NIKKOR - The Thousand and One Nights No.55

Can a compact ultra wide-angle lens excite popularity in the digital age?

AI Nikkor 18mm f/4

Tale 55 takes up the compact ultra wide-angle AI Nikkor 18mm f/4 lens. In this golden age of digital cameras, it is said that this lens has disappeared. Production volume for this lens was not extremely low, so why has it disappeared from camera shops? With this tale, we will delve into the secrets of this compact ultra wide-angle lens.

by Haruo Sato

I. Nikkor 18mm f/4 transformations

First, let's look at the various transformations the Nikkor 18mm f/4 underwent. The Nikkor 18mm f/4 was released in February, 1975. From its beginnings, it was a New Nikkor lens with a new external design and adoption of multi-layer coating. This compact ultra wide-angle lens was quite popular due to its small size and superior performance.

In June 1977, a modified version of the lens that supported automatic maximum aperture indexing was released as the AI Nikkor 18mm f/4. Then, in 1982, the lens was completely redesigned and released as the new generation AI Nikkor 18mm f/3.5. The Nikkor 18mm f/4 was sold for approximately 13 years. This makes it a relatively long seller.

II. Development history and the designer

Nikkor 18mm f/4 optics were designed by Ikuo Mori of 1st Optical Section, Optical Designing Department as it was then known. Mr. Mori, whose name often comes up, was the right hand of Mr. Wakimoto introduced in Tale 1. Mr. Mori designed a wide variety of lenses, including ultra wide-angle, PC, and Bronica Nikkor lenses for Nikon F cameras, as well as Nikkor lenses for large-format cameras and EL-Nikkor lenses for enlargers. Though Mr. Mori has passed, his distinguished work has been handed down through the generations at Nikon.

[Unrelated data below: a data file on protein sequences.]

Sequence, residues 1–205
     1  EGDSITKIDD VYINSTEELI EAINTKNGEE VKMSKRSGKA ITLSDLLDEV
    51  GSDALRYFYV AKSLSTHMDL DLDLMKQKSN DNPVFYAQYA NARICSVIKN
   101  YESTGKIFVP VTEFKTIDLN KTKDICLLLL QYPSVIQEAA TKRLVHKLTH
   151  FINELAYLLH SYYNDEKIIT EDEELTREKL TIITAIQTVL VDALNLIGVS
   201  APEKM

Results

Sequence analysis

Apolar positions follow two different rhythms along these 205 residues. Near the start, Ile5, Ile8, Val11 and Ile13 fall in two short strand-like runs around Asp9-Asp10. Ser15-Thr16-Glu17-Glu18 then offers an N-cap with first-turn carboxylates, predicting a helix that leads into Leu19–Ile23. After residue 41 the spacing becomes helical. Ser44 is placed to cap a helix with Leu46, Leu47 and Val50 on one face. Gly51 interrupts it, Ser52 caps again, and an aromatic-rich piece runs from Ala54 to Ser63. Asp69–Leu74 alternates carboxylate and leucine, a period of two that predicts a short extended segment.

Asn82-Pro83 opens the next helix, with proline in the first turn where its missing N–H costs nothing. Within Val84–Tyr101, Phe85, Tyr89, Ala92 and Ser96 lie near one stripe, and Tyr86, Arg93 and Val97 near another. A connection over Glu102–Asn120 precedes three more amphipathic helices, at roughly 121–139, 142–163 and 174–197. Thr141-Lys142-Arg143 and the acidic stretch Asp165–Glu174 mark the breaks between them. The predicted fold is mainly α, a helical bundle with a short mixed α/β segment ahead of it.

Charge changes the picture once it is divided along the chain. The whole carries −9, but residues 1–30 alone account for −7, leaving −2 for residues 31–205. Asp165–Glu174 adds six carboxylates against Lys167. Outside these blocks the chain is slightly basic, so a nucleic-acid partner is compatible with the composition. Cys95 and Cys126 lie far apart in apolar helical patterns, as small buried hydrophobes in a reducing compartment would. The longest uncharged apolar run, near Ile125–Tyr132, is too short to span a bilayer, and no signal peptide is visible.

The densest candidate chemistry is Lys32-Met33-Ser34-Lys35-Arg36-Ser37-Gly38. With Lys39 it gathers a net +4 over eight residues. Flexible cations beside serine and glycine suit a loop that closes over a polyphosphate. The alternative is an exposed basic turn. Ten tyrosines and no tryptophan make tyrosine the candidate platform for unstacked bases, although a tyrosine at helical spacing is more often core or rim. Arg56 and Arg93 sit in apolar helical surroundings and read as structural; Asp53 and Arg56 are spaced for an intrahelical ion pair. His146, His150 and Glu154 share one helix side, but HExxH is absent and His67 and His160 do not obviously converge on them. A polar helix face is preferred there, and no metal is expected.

Though Japan's great lens designers are not generally known, we can trace their work through reports, development histories, notes, and patents. As I have previously written, Mr. Mori had designed ultra wide-angle lenses with a variety of specifications, including focal lengths of 13mm, 15mm, and 18mm and maximum apertures of f/3.5 to f/8, in parallel since prior to 1970.

Designing one ultra wide-angle lens is difficult enough. To design multiple ultra wide-angle lenses at once is superhuman. Reports from that time show the original type of lens for each. After repeated trial production, lenses to be released were determined in the order of 15mm f/5.6, 18mm f/4, and 13mm f/5.6. The Nikkor 18mm f/4 was the middle child in this family of lenses.

Let's take a look at the history of Nikkor 18mm f/4 development. Design of the lens was completed in 1970, and plans for trial production were drawn up in February of that year. Trial production was initiated again in November, 1971 after coatings were improved, mass-production began in December, 1973, and the lens was released on the market in February, 1975.

III. Lens construction and characteristics

Figure 1

Please forgive me if the following is quite technical. First, take a look at the cross-section of the Nikkor 18mm f/4 (Figure 1). You will likely be surprised by the tremendous size of the front lens doublet. The most unique aspect of the construction of this lens is the fact that the first lens element is a positive doublet. I'll explain this in detail later. Nikkor 18mm f/4 construction is relatively simple for an ultra wide-angle lens. It has the same basic retrofocus construction used for common wide-angle lenses. In addition, the lens is afocal (focal length is at infinity) closer to the object side than the aperture.

If we consider this afocal portion as a single lens group, we can think that this lens is comprised of an afocal wide-angle converter with a loosely positive (or loosely negative) and positive structure and a master lens, while also being a retrofocus lens with a negative-positive structure. From the doublet just before the aperture back is the master lens developed from a triplet Tessar type. I think it is easier to understand if we think of the portion in front as an afocal wide-angle converter that reduces the image.